Senior Investigator Joanne Stuart is working to find a
serial rapist in Northern England. The criminal drugs
students and takes them away from their friends; when they
are found next day they have no memory of the night, and a
tattoo of a falcon has been inked on their skin. THE FALCON
TATTOO is the latest in a series of police procedurals
National Crime Agency.
I had not read the first book, but we are told quite
quickly that Joanne has a girlfriend, Abbie, who wants to
start a family for them using a sperm donor. Joanne is less
than sure about this, given she has a risky job. I like
that the tale looks at the long term effect on the students
as they are interviewed again by the newly assigned
officer. Joanne can see that the girls' confidence has been
wrecked. She also has to worry that the attacker will kill
someone if he is not caught. The unit set up to catch the
man includes profilers and experienced police. With new
mapping techniques and coordinated evidence, they are able
to improve on the long-past Yorkshire Ripper investigation.
By following Jo as she retraces the steps of each girl, we
see the built-up areas of Manchester and Salford, as well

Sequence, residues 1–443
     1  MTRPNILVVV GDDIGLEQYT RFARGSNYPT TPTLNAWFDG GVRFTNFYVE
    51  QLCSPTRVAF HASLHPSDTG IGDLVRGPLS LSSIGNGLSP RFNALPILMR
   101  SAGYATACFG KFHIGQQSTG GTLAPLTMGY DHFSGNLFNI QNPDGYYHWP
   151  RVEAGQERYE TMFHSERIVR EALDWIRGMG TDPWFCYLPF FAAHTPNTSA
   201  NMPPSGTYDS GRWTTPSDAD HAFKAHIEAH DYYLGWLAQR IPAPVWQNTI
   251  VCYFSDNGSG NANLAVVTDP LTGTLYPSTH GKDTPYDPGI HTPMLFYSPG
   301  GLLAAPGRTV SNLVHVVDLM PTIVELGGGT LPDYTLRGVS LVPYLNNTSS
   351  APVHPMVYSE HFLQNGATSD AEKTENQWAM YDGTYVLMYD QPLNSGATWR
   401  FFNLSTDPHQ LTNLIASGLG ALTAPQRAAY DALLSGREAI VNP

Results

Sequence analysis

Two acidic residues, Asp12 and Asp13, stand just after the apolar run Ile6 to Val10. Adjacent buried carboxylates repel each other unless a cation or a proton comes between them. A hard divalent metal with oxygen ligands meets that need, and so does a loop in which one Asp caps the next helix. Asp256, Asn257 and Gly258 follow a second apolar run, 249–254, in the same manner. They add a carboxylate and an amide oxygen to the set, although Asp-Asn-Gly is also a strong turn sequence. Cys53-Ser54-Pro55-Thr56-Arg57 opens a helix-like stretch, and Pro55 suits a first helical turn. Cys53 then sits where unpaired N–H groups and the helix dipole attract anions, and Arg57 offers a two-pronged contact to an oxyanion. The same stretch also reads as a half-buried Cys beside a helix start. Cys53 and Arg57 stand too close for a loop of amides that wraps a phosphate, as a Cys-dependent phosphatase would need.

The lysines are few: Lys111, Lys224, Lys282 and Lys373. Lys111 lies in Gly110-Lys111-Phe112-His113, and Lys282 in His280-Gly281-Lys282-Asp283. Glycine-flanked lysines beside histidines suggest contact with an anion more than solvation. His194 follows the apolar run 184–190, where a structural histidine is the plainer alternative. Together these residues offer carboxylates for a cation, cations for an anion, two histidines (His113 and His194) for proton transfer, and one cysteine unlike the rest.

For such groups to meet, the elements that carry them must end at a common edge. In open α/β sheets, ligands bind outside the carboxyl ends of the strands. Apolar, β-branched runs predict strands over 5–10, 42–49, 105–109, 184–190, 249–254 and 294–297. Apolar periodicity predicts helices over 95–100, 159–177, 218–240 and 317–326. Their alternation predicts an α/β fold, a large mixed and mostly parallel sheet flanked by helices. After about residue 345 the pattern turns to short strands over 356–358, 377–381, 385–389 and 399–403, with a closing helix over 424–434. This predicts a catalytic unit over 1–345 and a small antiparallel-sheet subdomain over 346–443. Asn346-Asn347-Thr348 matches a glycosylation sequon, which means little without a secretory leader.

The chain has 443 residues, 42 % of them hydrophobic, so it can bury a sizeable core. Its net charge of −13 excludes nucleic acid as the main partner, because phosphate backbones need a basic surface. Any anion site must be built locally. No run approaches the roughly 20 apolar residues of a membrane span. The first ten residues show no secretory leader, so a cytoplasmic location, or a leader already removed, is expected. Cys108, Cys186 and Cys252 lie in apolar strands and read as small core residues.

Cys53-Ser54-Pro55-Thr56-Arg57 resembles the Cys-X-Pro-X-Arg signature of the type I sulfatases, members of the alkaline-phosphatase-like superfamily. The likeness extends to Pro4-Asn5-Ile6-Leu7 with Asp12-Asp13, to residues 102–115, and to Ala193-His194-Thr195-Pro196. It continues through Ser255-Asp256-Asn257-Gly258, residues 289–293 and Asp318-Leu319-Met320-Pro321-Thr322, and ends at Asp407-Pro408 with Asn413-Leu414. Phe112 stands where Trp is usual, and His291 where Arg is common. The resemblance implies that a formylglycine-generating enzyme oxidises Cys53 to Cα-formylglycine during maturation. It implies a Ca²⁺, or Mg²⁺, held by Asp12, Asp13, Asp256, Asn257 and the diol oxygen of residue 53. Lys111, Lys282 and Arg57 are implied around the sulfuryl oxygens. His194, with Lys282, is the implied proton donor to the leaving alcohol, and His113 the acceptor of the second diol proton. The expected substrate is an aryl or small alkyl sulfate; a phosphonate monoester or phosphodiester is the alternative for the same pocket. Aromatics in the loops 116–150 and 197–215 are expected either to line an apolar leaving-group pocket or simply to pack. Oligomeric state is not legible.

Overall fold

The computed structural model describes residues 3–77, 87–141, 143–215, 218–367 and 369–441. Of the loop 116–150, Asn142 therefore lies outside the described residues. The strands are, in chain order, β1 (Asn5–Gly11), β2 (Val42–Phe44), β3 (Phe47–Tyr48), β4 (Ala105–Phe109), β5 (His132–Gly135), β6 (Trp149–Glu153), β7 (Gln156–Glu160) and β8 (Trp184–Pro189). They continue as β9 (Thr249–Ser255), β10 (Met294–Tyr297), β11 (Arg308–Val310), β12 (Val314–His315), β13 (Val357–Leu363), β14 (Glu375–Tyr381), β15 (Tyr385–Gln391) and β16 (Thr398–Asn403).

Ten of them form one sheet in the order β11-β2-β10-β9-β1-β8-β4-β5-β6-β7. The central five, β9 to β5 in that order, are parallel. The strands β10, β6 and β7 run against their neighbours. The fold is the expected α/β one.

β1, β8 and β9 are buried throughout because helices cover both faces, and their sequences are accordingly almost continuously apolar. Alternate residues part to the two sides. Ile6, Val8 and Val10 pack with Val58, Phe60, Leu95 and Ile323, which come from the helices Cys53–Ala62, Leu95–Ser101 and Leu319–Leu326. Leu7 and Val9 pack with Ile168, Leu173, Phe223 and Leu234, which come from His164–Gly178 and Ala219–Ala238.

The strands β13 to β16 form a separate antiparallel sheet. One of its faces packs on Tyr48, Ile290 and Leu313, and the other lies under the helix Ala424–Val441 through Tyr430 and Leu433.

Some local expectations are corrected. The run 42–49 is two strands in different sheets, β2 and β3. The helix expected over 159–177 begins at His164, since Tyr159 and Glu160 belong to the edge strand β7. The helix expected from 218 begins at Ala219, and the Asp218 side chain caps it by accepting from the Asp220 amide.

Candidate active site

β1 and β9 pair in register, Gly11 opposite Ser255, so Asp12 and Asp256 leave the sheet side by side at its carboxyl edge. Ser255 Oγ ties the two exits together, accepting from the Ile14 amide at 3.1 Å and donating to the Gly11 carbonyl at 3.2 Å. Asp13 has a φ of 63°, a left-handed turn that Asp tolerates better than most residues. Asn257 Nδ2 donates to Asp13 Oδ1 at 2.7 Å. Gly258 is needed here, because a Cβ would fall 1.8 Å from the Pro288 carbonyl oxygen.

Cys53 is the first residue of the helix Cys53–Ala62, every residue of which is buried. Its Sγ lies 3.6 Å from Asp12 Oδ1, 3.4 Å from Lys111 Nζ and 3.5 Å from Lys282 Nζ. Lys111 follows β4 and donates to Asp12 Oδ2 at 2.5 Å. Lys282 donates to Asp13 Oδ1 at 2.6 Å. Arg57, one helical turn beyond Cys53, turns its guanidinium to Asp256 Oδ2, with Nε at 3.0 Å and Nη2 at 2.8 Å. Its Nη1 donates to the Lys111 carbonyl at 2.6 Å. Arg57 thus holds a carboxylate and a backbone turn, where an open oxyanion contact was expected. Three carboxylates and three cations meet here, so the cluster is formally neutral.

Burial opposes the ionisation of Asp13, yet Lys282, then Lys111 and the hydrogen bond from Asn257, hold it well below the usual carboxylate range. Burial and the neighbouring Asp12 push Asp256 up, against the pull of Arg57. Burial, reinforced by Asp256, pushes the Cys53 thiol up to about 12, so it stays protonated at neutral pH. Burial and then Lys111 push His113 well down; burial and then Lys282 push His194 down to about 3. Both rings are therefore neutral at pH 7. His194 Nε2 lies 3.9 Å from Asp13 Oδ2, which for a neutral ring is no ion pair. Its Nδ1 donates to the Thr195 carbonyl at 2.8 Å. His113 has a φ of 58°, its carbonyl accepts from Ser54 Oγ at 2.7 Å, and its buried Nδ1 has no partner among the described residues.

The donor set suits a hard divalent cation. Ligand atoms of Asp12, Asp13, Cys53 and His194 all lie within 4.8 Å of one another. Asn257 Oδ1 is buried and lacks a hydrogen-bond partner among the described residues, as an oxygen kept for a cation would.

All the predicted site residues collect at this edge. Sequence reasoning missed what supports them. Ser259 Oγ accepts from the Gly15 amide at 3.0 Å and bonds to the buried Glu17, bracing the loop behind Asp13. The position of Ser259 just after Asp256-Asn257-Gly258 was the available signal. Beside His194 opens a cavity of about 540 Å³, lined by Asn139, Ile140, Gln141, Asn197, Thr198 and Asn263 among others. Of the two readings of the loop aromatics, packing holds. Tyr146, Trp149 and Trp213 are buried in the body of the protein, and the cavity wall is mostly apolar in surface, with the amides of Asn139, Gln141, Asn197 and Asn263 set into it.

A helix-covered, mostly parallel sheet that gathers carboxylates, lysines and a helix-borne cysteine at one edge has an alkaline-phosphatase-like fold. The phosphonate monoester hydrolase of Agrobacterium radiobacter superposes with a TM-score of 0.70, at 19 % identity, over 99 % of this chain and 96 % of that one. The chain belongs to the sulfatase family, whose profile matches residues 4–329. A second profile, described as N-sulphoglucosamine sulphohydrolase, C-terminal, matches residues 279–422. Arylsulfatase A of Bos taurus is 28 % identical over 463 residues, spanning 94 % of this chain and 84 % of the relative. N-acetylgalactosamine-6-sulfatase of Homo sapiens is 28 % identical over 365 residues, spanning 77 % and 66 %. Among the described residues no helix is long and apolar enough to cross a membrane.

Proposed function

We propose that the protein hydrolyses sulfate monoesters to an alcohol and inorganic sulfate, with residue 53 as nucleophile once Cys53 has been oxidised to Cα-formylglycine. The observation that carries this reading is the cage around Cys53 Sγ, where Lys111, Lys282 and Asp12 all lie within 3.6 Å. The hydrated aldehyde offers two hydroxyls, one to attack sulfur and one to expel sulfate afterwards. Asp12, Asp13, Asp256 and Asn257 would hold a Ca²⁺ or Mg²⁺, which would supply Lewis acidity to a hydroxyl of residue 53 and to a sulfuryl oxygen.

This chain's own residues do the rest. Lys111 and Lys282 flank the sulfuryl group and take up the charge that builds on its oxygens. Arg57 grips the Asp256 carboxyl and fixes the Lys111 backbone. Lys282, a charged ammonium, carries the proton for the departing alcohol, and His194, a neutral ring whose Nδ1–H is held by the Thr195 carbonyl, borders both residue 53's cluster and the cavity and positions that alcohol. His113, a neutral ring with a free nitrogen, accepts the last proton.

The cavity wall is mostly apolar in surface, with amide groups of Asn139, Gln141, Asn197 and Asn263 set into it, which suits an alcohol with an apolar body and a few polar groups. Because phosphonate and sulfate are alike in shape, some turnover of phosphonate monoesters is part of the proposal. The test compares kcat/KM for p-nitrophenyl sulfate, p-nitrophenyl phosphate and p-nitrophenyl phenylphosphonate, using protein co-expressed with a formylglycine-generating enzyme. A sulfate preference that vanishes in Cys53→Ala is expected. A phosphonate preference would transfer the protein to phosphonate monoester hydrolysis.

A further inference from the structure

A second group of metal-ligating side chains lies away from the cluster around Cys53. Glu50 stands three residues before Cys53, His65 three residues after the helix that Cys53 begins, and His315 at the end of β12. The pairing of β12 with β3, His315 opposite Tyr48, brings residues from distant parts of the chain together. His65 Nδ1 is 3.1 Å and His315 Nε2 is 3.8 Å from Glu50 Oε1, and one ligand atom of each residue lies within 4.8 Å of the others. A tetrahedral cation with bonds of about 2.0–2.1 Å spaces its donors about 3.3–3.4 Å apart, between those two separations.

as the rustic spots where the girls were found on
roadsides. Students drinking in groups on pub crawls are
certainly not unusual, and the girls were being careful to
drink from bottles which are harder to spike with drugs.
But the criminal still managed to drug and isolate his
victims, avoiding CCTV. He also managed not to be spotted
dumping unconscious girls by busy roads. The profiler
reckons that this is a highly organised criminal who thinks
he can continue to beat the police. Maybe a media appeal to
the public will help. Jo is suspicious, however, of a
reporter who starts hanging around the case and trying to
talk to the victims. Could he be the overconfident
Bill Rogers, who has been a teacher, comes from a long line
of police officers. He has previously written a series
about Manchester DCI Tom Caton and has moved seamlessly
into the character of Joanne Stuart in the same setting.
Some of the details may be distressing for readers and it's
definitely for adult crime fans. THE FALCON TATTOO involves
detailed psychological studies and evidence discovery, and
reaches a flying finish.
A violent attacker is on the loose. His calling card: a
tattoo on his victims’ skin. With no witnesses and no
evidence left at the crime scenes, it will take all of the
National Crime Agency’s resources to track him down.
At the head of the investigation, codenamed Operation
Juniper, Senior Investigator Joanne Stuart knows that the
clock is ticking. The time between abductions is decreasing
and the perpetrator grows ever more brazen. She fears it
won’t be long before his assaults turn deadly.
As the hunt closes in, Jo’s already troubled personal life
is put under further pressure. With danger closer than she
thinks, just how far will Jo go to solve the case—and at